New Directions, 2020
originally published 2016 as Temporada de huracanes
translated by Sophie Hughes
The discovery of a corpse floating in an irrigation canal near a small rural village opens this most harrowing novel. The person known as "the Witch" has been killed; the question of who is responsible and why is asked and answered here, but it quickly becomes apparent that this book is not just a simple murder mystery. In Hurricane Season, the author explores the hopelessness and the violence that plagues this small village as well as the myriad forces that shape and perpetuate it.
The narratives of four different but interconnected characters living in the village of La Matosa form the very core of this book, moving the story forward (although not always in linear fashion) from their various vantage points. Each one takes us somewhat closer to the crime as well as to an understanding of the character of the Witch herself. It is telling that she remains voiceless here while her presence remains central to everything. Since these stories happen to build from one another however, any certainty you may have gained from one person is quickly shaken as seeds of doubt begin to creep into your mind with the next, often changing your perspective and understanding. Yet as they relate what they know (or think they know) about the Witch and events that may have led to her murder, taken together these accounts paint a grim picture of a more collective reality of life in the village of La Matosa, a place one character refers to as "the ass end of nowhere," a place where the inhabitants have been passed by, ignored or forgotten on many levels. What we find in their lives reveals much about these people, especially their dreams of escape from a hopeless future while stuck in a society where abandonment, poverty, misery, and violence of all sorts never seem to end. What's more, the institutions that could make a difference don't seem to work here: families break down, religion and superstition mingle into one and neither the government nor the law bring any sort of justice.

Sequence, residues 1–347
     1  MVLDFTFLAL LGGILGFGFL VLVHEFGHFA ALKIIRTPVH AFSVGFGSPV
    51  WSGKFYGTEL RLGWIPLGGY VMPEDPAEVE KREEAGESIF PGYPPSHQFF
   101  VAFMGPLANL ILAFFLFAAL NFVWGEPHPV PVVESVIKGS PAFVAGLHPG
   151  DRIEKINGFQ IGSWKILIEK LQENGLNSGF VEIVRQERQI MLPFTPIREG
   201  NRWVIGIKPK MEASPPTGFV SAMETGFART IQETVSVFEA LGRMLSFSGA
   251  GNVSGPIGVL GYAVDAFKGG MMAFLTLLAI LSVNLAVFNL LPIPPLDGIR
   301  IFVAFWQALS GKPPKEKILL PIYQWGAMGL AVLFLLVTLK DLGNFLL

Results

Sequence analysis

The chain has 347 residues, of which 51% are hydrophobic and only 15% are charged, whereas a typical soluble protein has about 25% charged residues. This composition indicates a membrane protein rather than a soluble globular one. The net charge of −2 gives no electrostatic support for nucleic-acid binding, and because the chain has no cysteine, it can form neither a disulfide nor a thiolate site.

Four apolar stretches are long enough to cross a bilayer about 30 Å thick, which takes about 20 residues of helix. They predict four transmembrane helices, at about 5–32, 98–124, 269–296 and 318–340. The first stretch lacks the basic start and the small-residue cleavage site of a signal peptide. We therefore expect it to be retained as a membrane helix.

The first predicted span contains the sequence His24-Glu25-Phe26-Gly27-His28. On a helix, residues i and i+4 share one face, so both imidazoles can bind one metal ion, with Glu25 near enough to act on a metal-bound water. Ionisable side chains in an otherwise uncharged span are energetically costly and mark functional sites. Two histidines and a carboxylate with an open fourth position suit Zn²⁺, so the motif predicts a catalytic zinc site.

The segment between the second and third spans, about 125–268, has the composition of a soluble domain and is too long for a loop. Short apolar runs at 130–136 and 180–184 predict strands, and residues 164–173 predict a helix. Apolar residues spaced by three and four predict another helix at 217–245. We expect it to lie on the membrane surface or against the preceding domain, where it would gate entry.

I have opted not to detail any of the plot since the less a potential reader knows about what happens here the better. What I will say is that as truly bleak as it is, I thought this novel was brilliant and unflinchingly honest on so many levels, and that as the dustjacket blurb says, the author did manage to "extract some tiny shred of humanity from these characters" that leaves room for empathy and understanding. More importantly, the novel underscores a number of ongoing horrors plaguing parts of Mexico, including narcotrafficking, homophobic prejudice and violence, and especially femicide.
I read an article about Hurricane Season a few days ago in which the author is quoted as saying about this book (you'll have to trust my translation here):
"Of course, it's a love novel, only the characters never find it. It's something you lack so much that you don't even know what's it like. And even if they find it, it doesn't matter, because what good if everyone is drowning, it's all fucked up."Reading Hurricane Season made me very uncomfortable for a number of reasons, two of which I'll name. First, there's an overwhelming sense of hopelessness that pervades this book, and I'm left with the feeling that the future holds little resolution to the underlying problems that exist in La Matosa leaving things to continue on as usual. Second, while I loved the writing style, the language is just brutal and raw; the author doesn't hesitate to use some pretty foul words and her portrayal of heartbreaking sexual abuse is just downright ugly. Then again, I had to ask myself how someone could otherwise write a book that captures "the brutal force of male vice," rage that doesn't quit, and the sense of it all being so "fucked up," and I couldn't come up with an answer.